Arieff positions the new American manufacturing model as one that goes back to longevity instead of planned obsolescence. It's about community-building as a way to reach that longevity and sustainability.
SFMade is a San Francisco collaborative whose members embrace the idea of local sourcing as a means of community-building. "The group allows that community [San Fransisco business owners] to reconnect, share resources, receive education and assistance on everything from zoning to sourcing to taxes. In the last year, 128 companies have joined in the belief that they’re better together."
“For decades we have developed a culture of disposability — from consumer goods to medical instruments and machine tools. To fuel economic growth, marketers replaced longevity with planned obsolescence — and our mastery of technology has given birth to ever-accelerating unplanned obsolescence. I think there is increasing awareness that this is no longer sustainable on the scale we have developed.”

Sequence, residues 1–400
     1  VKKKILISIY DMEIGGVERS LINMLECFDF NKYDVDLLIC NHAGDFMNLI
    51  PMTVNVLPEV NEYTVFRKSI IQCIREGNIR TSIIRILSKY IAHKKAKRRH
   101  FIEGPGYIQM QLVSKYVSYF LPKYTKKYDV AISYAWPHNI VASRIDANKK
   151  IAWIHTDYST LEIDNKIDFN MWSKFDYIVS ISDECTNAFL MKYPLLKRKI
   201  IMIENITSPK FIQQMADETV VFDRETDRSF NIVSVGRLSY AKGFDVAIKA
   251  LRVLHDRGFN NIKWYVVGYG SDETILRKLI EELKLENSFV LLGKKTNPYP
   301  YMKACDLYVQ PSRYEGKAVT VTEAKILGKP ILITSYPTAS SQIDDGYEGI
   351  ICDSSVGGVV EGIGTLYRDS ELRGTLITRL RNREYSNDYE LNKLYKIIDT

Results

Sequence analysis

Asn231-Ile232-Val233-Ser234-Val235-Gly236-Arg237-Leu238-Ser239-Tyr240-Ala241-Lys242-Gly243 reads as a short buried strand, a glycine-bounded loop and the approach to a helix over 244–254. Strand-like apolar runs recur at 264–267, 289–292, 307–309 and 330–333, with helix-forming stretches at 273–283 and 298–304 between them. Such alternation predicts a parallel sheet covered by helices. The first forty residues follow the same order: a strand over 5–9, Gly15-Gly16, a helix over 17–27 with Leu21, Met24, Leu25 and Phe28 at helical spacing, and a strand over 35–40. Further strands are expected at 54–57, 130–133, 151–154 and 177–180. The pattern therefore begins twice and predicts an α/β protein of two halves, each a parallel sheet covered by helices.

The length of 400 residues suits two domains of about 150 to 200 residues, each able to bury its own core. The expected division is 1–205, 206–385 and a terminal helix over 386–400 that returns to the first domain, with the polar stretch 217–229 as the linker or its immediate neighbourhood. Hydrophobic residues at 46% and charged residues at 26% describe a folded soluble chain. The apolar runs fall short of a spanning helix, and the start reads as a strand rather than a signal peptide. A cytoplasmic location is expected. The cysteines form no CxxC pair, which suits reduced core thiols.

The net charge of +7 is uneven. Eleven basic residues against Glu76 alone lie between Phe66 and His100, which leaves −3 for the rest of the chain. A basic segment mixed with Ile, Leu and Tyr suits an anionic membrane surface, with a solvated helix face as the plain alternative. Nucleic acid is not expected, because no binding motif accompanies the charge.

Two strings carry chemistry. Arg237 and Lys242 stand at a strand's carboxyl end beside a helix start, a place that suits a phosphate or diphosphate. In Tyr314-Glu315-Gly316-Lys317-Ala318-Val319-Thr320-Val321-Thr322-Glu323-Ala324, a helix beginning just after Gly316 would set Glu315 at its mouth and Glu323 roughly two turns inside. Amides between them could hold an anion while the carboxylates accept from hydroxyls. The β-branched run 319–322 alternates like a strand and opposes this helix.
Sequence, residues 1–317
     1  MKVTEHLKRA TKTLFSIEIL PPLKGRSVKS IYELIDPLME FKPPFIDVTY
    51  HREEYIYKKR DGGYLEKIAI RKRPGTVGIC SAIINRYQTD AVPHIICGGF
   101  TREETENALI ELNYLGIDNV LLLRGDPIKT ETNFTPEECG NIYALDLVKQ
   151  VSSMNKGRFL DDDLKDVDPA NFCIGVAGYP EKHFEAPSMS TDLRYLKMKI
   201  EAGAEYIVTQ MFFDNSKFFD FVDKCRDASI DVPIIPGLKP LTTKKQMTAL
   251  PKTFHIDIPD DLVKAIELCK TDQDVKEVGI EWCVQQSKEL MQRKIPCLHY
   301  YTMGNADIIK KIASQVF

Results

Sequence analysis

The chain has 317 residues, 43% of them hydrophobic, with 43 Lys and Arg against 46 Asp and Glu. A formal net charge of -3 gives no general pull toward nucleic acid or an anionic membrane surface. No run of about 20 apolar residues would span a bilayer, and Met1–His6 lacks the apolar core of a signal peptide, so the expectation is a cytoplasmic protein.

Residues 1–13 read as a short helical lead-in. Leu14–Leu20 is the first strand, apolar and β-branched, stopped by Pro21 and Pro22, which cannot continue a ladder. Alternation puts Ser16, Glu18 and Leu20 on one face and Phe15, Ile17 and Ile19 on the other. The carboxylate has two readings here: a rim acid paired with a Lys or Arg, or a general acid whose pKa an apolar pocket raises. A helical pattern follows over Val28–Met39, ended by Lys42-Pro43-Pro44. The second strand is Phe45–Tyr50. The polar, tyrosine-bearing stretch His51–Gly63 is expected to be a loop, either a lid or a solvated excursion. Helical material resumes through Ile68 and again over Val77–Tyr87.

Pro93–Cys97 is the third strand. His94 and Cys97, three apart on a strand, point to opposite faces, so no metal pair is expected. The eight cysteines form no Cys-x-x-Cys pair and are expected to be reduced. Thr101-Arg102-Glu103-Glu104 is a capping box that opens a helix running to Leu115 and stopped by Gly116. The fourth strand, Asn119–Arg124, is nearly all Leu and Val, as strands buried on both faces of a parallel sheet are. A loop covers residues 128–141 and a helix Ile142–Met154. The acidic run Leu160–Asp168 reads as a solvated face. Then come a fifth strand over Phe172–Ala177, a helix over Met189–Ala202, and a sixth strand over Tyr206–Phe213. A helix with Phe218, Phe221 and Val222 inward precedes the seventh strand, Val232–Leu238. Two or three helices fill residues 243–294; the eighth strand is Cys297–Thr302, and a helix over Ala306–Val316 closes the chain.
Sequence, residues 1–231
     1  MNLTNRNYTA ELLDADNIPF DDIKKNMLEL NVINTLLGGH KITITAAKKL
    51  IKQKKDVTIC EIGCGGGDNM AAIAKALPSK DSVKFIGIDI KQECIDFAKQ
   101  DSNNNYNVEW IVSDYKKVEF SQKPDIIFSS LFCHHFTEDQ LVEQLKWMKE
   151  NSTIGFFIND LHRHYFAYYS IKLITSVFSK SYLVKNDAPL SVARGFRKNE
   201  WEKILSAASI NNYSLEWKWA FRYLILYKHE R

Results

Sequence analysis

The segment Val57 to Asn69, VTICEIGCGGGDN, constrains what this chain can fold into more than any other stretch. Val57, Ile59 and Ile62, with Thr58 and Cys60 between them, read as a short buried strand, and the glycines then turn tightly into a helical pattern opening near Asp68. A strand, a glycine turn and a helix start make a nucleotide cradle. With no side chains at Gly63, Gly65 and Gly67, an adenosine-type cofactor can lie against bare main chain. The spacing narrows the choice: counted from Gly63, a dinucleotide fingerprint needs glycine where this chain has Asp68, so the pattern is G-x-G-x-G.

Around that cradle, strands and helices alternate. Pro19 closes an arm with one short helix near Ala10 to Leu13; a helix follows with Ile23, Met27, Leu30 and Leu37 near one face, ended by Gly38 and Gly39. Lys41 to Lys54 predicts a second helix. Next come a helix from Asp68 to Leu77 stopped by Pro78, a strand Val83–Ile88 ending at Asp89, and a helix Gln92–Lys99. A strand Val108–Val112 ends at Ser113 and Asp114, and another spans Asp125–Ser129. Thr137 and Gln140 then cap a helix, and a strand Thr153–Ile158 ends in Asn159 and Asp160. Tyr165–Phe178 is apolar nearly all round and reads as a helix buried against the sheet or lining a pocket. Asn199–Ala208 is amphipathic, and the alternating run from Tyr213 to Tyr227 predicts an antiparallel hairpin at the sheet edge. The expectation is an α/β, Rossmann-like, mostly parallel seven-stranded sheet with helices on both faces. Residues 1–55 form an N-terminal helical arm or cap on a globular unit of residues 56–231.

- Mark Dwight, SFMade founder
But it's not just about ethics. It's about local pride. “I grew up in the ‘70s in Buffalo and saw the mass exodus. I saw people lose the ability to support themselves. I saw my peers run far from manufacturing. Now I see people coming out of elite schools who want to go into manufacturing," explained SFMade executive director Kate Sofis.
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